Sadly, there were no signs showing where the areas were, much less seating. As you might guess, many people didn’t find us. After my 4 o’clock I came back to the shop and announced to the girls that no one had shown up, and a couple people who were shopping said “There was a workshop? Where was it? We couldn’t find it!”. (That one was especially confusing since the organizers had given me a list when we got there saying I was in C, but announced me in B.) They needed signs, and they needed programs. Poor Charles ran himself ragged, but it just didn’t work. This year the vendor fees went up to $50 per pop-up, and he’s talking about raising the prices again next year because he “has to” add a policeman.
This was our third year on the Manchester common, and I think now they know we are coming and we are being targeted by thieves. Several were caught- who knows how many weren’t. Also, they’re caught in a bad cycle- Veteran’s park is far more expensive than the UUChurch and other smaller, less out-there sites, so they put the price up. It’s very good to be out in public. The whole point of a Pagan Pride Day is not to get together with the other pagans, but to be out in public where other people can see us and learn not to be threatened. But last year there were two rows of vendors, this year there was one. They did put some across the front of the stage, but at the same time, this meant that with all that shared frontage on the grass in front of the stage, the backs of all the booths were exposed to the outer parts of the park. Last year we were back to back with outer facing vendors, and no one got in between.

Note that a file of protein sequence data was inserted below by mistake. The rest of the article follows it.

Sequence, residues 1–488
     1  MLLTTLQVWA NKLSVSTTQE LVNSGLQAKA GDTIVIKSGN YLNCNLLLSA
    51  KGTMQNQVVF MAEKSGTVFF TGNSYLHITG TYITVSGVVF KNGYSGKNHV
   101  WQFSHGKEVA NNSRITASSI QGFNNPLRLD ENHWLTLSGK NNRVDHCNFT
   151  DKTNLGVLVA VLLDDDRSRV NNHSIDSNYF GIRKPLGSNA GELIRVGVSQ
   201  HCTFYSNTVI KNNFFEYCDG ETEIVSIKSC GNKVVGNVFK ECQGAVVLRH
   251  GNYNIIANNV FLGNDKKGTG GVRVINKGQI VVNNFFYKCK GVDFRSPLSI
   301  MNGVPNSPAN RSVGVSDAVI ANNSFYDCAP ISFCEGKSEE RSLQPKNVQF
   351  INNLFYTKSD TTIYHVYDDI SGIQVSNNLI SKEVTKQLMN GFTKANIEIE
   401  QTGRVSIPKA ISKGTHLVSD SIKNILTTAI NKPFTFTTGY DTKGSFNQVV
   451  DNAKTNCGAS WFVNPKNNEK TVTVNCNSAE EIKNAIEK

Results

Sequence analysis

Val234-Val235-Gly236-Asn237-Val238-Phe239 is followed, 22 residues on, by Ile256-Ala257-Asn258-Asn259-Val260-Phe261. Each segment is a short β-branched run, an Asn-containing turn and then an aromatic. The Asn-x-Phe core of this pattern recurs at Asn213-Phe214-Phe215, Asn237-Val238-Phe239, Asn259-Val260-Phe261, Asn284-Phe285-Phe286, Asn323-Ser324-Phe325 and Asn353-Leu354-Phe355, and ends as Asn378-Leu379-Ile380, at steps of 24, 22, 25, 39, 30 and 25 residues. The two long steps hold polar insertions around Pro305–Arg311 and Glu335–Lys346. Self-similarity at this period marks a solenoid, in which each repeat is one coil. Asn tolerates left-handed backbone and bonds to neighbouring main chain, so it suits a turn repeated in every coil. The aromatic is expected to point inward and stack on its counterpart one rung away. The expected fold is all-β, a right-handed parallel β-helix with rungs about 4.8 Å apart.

There was also a small group of Christian kids telling everyone who went to the public toilets that they were going to burn, and did they know they were going to Hell (“yes, I like Hel”), etc. This is what happens when you are in a public place. I also don’t think that any thieves are going to be deterred by one officer wandering around a whole park. I do, however, think that we are going to lose vendors if the fees go up to $70-80 each. Willow already doesn’t want to go. Usually a public venue means more money, but we didn’t even make our average amount, and while I like to support the project, this may not be the best way. I do want to mention one new and very cool thing they did this year. There was a panel discussion about paganism. The participants were the local UU Chaplain (who’s name I missed), Kirk White (Wiccan priest, Mason), Deb Miller (medium, background Catholic), Cei Serith (scholar of Indo-European religious history, and Mike Smith (Heathen). This gave a lot of different perspectives, and was very much in line with what I think PPDs should be about.
My scheduled classes were on Dowsing, Herbalism, and Sacred Art. The first two were put in the children’s area- the Herbalism WAS aimed at kids and their parents, and I did attract one lady who was interested. Frankly, the kids were far more interested in gluing glitter and colored feathers on wooden “wands” than listening to anything I had to say. The kids area was set up for pre-schoolers, not the young people my talks are designed to reach. I think Dowsing got put there because it was called Dowsing Games, which is my attempt at making a new skill un-threatening. I showed the pendula and bobbers and other toys I’d brought to the nice folk running the kids area, but I was rather depressed that I hadn’t gotten much by way of audience. We also got a bit dehydrated, so we stopped on the way home and got a lot of drinks so that the next day we had enough.